### Sereja's blog

By Sereja, 6 years ago, translation, ,

Sorry for my poor English, this blog will be corrected soon.

### 214A - System of Equations

Solution for this problem — just go through the possible pairs of numbers and check them for correctness. We can do that in any way.

Nuber is divisible by 2,3,5 only if sum of the digits is divisible by 3 and last digit is 0, so if we havent 0 in our set answer is -1, otherwise solution exists(we can return 0 as solution). A further solution — analysis of the cases.
Lets sort all didgits in nonincreasing order. If sum of all digits is divisible by 3 — answer is our set of digits(without spaces ofcourse :) ). If modulo equals 1 — we must delete minimum digit from out set with modulo after division by 3 equals 1, if we haven't such we must delete 2 minimal digits with modulo after division by 3 equals 2. If we have modulo equals 2 — we have identical case.
Also we must remember that we cannot use leading zeros. In case when we have more then one 0 and no another digit we must print only one zero.

### 213A - Game

Solution — Greedy.
Lets our computers settled on circle, and moves (1->2, 2->3, 3->1) will be steps "forward", and moves (1->3,3->2,2->1) will steps "back".

Note that "back" moves is not optimal, as we can make two moves "forward" that is identical in time. We will look over all starts. Further, we will go by circle while we not complited all game. For every level we will remember number ne[i] — count of another level that "direct" need for it. We will complited levels with ne[i]=0 and update all ne[i] that we must. It can be implemented with O(n^3) time.

### 213B - Numbers

Solution — dynamic programming.
Look over for length of the number that we will build. Further, we will use DP f(len,i) — how many numbers with length len we can make with digits i..9.
Recount:
- f(len,0) = sum(f(len-i,1)*C(len-1,i), i=a[0]..len);
- f(len,j) = sum(f(len-i,j+1)*C(len,i), i=a[j]..len), 0<j<9;
- f(len,9) = 1, если len>=a[9], 0 если len<a[9].
C(n,k) — binomial coefficient.

### 213C - Relay Race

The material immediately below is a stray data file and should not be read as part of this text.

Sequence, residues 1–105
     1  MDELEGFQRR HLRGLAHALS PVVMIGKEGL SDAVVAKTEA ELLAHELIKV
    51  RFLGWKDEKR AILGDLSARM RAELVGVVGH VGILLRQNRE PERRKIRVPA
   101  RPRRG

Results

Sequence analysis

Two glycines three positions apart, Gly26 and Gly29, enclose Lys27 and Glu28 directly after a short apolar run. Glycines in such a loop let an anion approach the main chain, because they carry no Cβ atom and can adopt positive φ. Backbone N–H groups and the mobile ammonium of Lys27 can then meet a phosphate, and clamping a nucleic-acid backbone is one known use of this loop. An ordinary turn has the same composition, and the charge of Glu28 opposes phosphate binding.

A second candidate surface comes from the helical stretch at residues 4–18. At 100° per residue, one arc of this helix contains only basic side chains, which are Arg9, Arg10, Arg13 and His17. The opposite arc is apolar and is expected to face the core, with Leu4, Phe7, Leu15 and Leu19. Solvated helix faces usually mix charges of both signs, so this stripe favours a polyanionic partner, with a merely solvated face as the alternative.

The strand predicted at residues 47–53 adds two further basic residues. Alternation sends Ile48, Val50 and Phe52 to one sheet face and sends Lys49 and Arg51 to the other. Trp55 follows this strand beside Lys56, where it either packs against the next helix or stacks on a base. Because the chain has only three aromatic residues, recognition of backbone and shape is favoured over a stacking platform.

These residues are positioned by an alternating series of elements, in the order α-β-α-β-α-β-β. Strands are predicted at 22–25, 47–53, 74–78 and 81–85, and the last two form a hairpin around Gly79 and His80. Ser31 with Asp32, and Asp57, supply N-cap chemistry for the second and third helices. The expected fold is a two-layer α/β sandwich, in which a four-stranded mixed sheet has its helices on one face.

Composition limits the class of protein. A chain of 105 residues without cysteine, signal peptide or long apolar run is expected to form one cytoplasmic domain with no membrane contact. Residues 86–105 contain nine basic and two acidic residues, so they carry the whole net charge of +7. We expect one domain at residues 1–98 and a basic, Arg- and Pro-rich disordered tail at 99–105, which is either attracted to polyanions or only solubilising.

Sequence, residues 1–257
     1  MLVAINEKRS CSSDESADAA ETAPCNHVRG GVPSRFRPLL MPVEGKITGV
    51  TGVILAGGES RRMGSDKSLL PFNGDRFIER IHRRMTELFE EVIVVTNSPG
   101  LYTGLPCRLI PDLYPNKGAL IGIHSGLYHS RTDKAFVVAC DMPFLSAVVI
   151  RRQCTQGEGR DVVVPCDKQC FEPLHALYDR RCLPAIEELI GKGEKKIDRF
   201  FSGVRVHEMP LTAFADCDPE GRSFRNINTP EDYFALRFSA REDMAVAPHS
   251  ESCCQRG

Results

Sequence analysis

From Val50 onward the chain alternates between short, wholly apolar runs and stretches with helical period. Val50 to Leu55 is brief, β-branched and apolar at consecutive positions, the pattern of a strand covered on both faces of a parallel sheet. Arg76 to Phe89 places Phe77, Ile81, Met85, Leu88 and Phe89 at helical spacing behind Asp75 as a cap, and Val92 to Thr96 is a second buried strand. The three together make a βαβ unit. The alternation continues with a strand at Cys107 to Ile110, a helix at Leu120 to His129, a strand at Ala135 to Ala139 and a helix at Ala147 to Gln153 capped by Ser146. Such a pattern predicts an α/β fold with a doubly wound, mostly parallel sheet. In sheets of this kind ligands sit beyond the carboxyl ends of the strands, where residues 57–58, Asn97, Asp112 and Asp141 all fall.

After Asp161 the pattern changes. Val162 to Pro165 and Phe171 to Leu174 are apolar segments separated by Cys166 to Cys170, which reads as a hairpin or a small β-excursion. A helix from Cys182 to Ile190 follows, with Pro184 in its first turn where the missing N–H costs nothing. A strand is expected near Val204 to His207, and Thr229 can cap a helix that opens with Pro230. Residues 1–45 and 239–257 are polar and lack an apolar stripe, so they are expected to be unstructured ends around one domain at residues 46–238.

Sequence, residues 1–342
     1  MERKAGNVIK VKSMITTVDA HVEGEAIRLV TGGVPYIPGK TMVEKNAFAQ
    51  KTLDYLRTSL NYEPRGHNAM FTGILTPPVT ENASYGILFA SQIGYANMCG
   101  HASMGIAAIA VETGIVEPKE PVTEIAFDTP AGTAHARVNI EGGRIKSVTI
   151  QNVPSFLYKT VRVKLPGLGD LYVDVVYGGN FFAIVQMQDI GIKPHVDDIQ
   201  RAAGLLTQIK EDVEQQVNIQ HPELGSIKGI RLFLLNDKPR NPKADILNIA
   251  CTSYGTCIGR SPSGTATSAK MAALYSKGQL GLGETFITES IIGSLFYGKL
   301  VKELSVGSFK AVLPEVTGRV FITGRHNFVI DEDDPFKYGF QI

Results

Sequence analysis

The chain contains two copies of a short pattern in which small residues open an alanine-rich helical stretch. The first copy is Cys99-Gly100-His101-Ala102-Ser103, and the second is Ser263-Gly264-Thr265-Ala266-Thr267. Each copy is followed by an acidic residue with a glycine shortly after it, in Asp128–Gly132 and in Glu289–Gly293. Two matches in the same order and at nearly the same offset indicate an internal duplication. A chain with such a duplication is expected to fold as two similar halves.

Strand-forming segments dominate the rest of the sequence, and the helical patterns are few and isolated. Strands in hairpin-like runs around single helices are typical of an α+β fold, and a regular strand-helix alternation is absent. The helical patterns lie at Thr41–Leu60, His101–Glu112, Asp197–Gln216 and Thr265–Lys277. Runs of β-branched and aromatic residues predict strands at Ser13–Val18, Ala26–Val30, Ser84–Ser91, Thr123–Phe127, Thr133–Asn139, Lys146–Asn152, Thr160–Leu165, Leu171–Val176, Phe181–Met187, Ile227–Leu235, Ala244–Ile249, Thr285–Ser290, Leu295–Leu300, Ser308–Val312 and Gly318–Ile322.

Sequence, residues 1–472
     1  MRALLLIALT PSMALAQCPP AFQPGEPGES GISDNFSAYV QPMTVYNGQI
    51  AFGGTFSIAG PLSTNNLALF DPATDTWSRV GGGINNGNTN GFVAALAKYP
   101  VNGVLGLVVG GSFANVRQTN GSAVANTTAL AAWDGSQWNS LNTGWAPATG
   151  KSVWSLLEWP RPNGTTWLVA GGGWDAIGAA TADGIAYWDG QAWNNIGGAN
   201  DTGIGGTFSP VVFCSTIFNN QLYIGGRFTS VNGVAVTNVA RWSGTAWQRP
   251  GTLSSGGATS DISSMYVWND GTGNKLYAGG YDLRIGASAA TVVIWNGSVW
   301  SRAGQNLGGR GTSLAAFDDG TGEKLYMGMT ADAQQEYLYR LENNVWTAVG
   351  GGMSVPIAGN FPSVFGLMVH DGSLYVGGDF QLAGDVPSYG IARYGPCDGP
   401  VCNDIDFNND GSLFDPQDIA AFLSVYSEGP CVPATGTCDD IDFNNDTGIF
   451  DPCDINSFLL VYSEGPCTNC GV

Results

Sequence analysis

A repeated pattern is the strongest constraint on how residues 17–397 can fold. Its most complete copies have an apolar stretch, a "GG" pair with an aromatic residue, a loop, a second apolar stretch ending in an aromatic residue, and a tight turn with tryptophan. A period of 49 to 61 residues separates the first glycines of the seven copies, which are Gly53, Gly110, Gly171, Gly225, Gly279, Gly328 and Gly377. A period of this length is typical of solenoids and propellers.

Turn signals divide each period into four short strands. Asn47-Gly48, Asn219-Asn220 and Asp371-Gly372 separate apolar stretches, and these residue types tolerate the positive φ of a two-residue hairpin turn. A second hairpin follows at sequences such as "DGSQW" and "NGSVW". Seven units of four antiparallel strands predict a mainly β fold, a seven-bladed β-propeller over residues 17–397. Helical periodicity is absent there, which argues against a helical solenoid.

Solution — dynamic programming.
Note, that we can make 2 pathes form cell (1,1) to cell (n,n).
Note, that after each move our cells will be located on the same diagonal.
We will solve the problem with DP f(d,i1,i2), d — diagonal number, i1 — 1st coordinate 1st path, i2 — 1st coordinate 2nd path. It is clear that we can calculate 2nd coordinate when we know number of the diagonal and 1st coordinate. Recount — obvious, we make all 4 transition, and if pathes are intersected in temporary point, we add value of the cell only one, otherwise we add both values of the cells. We can imlement this solution with O(n^2) memory if we will rewrite array of DP after increasing of diagonal number. Also we must remember that answer can be lower then 0.

### 213D - Stars

I present solution as few pictures:

Implementation.
We have only one difficult moment — how to count coordinates? We can calculate them from regular pentagon, all that you need, you can read there.

### 213E - Two Permutations

For given two permutation we will make two another by next transformation: New_A[A[i]] = i, where New_A — news permutation, A — given permutation. Lets we get two permutation A and B. Now our problem is next: how many sub-arrays of length n are equals to firs permutation. Two arrays will be equal if after swaping every element with its number in sorted array obtained arrays will be element-wise equal.
Further solution hashes, but we will use not only modulo 2^64, we will use some big modulos, but they must be smaller then 2^32-1.
Lets step[i] = 1000003^i.
Lets F(A) = num[1]*step[1] + num[2]*step[2] + ... + num[n]*step[n], where num[i] — number of the element A[i] in sorted array.
If we will compare arrays, we can use this function. But it can be very big, so we will count it by modulos.
So now our problem is to calculate F function to every subarray. Lets look what will change after adding/deleting some elent from set: some element from num array willnot change, and some will become grater after adding, and become lower after deleting. So we must use some interval-tree to recount our F function. We need to know sum of step[i] on some interval of added numbers and count of elements on some interval. Uses this information we can simply recount out function. Also we must remember that after adding element with coeficinet step[i], where i>n and deleting some previos element our function will become grater that we need. So we will multiple hash of first array by 1000003 to avoid this issue.

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 » 6 years ago, # |   +2 Sereja , thanks for writing the editorial. Can you explain solution to 213C(Relay) more detailed? Using the English version translated by Google, I was confused.It would be better if you submit your reference solutions with proper comments.
 » 6 years ago, # |   +4 I would be appreciated if someone explains the idea behind Petr's solution to 213C, especially what the state best[][] means and how the transferring works, note that it's 2d(two dimensional) instead of 3d used by most contestants which reduced a lot of memory.
•  » » 6 years ago, # ^ | ← Rev. 2 →   +4 Most contestants use best[step][x1][x2], but you only need to know best[step-1][][] when you are calculating best[step][][], which means you don't need to store best[x] (x < step-1). So you can compress best[MAXSTEP][][] to best[2][][], or like Petr use best[][] best1[][].